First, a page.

‘High-Voltage’ Shell Jackets

With its “electro-spinning” process, Mammut is taking a new approach to outer layer manufacturing that could just change the way jackets and pants are produced. Indeed, with its men’s Lobuche and women’s Nanda Devi jackets, new for this fall, the company touts “80 percent better” breathability than other waterproof shell jackets on the market.

The jackets, high-end ($429!) shells designed for ski touring and other mountain pursuits, are made by incorporating the aforementioned electro-spinning process, an exclusive technique that uses a polymer that’s applied to a base fabric with a high-volt electric field. As a next step, that base fabric is then applied to the polymer side of an outer fabric, eliminating the need for a middle fabric layer, according to the company.

Mammut Lobuche jacket

Because the polymer has super small holes, moisture can get out but it can’t get in, Mammut cites. According to the company, the process makes it “just under the waterproofness” level of a traditional three-layer jacket (like a Gore-Tex shell).

The Lobuche and Nanda Devi are moderately lightweight — about 17 ounces each — and stretch and move with your body due to the company’s DryTECH fabric. Plus, the jackets have features you’d want in an alpine jacket, including articulated sleeves with Velcro cuffs, a one-hand adjustable drawcord hem, fleece collar, pit zips, interior and exterior pockets, and a hood.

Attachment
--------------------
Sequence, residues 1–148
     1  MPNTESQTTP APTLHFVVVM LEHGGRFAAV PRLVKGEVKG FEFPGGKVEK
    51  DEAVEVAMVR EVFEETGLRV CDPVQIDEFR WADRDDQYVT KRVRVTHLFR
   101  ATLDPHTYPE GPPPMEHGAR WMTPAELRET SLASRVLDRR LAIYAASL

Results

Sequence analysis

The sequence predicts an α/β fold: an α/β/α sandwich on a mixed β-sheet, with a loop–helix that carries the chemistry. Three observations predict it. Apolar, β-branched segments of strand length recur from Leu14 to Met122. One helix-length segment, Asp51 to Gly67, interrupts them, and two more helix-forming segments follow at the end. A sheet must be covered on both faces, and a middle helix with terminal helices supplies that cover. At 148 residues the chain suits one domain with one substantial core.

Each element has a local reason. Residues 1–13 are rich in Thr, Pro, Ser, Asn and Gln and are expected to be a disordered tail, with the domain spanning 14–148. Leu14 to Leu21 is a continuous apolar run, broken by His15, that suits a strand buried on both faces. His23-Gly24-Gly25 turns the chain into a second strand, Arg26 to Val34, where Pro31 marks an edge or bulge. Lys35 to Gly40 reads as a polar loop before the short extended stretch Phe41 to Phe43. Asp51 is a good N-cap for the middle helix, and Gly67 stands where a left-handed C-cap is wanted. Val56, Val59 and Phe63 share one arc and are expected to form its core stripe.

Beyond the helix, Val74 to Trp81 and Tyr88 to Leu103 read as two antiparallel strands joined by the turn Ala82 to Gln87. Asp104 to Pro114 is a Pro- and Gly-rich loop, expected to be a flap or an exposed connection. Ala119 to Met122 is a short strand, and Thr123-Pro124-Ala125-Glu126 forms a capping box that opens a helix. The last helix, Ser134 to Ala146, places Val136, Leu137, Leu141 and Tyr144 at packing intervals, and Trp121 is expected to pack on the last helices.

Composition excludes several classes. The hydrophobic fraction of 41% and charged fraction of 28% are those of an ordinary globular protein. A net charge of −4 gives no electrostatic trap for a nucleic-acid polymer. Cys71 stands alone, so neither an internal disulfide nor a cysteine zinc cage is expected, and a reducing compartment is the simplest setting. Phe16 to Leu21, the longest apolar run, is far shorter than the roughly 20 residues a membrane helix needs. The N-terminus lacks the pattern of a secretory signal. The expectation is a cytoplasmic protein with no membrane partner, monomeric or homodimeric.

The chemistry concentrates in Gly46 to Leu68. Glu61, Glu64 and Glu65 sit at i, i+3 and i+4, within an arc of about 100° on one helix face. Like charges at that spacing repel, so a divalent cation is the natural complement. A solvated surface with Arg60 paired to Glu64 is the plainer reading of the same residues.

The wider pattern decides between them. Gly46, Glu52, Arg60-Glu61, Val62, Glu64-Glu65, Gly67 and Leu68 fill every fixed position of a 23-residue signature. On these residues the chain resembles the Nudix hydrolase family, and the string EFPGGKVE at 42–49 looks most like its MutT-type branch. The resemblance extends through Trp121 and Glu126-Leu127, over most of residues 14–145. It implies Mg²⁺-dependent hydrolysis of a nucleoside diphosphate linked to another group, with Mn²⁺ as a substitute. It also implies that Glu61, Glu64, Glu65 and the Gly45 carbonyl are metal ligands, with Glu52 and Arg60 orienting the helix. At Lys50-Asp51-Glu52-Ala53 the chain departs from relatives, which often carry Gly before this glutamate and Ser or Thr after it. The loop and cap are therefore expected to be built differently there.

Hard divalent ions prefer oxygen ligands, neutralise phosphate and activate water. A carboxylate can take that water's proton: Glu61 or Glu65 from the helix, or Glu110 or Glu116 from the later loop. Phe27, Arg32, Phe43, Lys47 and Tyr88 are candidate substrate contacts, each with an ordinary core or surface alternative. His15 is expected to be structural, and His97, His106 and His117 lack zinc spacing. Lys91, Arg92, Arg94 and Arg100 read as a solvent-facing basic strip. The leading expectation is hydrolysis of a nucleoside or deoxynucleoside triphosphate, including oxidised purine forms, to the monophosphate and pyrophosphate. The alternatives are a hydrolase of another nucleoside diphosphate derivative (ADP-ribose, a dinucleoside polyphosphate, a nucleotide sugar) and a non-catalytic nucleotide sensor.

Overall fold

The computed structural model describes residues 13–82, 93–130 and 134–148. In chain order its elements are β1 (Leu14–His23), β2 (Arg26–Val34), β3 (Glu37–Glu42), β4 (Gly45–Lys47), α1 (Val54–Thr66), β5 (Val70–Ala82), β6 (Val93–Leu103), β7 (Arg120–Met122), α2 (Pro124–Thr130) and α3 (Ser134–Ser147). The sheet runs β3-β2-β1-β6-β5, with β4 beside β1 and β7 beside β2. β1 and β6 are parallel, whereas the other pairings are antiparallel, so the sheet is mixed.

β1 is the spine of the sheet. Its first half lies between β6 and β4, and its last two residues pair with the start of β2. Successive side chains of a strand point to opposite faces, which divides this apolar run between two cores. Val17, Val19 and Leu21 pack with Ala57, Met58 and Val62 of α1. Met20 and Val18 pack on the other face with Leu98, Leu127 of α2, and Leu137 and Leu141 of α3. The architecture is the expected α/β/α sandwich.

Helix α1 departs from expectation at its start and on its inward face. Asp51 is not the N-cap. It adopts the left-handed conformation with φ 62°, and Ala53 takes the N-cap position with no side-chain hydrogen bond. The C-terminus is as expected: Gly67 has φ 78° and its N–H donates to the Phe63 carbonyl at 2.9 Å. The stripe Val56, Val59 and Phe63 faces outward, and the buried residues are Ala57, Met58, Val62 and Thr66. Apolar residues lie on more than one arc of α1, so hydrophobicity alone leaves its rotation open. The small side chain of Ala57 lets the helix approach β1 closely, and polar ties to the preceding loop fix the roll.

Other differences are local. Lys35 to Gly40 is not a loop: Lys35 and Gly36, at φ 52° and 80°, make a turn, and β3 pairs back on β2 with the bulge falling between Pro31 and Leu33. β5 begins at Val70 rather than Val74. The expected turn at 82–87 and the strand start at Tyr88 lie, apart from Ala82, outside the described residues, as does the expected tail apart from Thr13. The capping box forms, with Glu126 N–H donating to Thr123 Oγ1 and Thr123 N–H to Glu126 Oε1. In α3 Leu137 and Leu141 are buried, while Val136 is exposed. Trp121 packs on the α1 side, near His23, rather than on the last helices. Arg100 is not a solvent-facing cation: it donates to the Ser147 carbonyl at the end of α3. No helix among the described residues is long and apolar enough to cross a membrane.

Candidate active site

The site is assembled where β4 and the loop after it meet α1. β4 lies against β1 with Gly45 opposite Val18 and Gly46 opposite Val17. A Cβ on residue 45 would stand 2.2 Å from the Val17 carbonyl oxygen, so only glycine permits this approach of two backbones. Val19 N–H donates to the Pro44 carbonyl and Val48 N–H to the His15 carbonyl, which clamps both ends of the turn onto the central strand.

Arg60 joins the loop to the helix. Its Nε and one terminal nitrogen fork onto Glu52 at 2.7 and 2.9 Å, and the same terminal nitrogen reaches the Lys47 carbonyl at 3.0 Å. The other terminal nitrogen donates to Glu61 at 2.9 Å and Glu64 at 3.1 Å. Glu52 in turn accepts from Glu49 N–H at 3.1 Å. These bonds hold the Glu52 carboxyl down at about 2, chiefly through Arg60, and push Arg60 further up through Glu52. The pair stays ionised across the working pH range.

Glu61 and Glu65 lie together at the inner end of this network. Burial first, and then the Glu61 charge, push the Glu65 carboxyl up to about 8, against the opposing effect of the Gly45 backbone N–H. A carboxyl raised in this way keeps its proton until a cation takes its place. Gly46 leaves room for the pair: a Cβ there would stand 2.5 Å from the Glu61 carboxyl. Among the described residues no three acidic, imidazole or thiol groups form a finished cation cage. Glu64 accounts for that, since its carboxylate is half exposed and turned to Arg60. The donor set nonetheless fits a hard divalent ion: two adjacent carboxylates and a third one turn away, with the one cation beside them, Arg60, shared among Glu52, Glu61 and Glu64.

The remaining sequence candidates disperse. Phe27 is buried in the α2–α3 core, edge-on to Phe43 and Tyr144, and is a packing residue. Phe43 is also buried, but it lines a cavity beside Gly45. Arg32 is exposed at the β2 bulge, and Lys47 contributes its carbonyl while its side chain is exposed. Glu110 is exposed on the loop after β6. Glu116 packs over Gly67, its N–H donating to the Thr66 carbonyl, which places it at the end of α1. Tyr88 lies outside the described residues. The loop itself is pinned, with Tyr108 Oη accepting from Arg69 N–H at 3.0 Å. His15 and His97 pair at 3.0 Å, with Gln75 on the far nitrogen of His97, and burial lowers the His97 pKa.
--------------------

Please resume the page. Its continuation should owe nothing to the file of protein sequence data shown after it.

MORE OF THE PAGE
Mammut Nanda Devi jacket

The Lobuche and Nanda Devi jackets are currently available in blue, black and red for men and red, black, and blue for women. Both retail for $429. www.mammutusa.com

—Ryan Dionne

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Stephen Regenold is Founder of GearJunkie, which he launched as a nationally-syndicated newspaper column in 2002. As a journalist and writer, Regenold has covered the outdoors industry for two decades, including as a correspondent for the New York Times. A father of five, Regenold and his wife live in Minneapolis.
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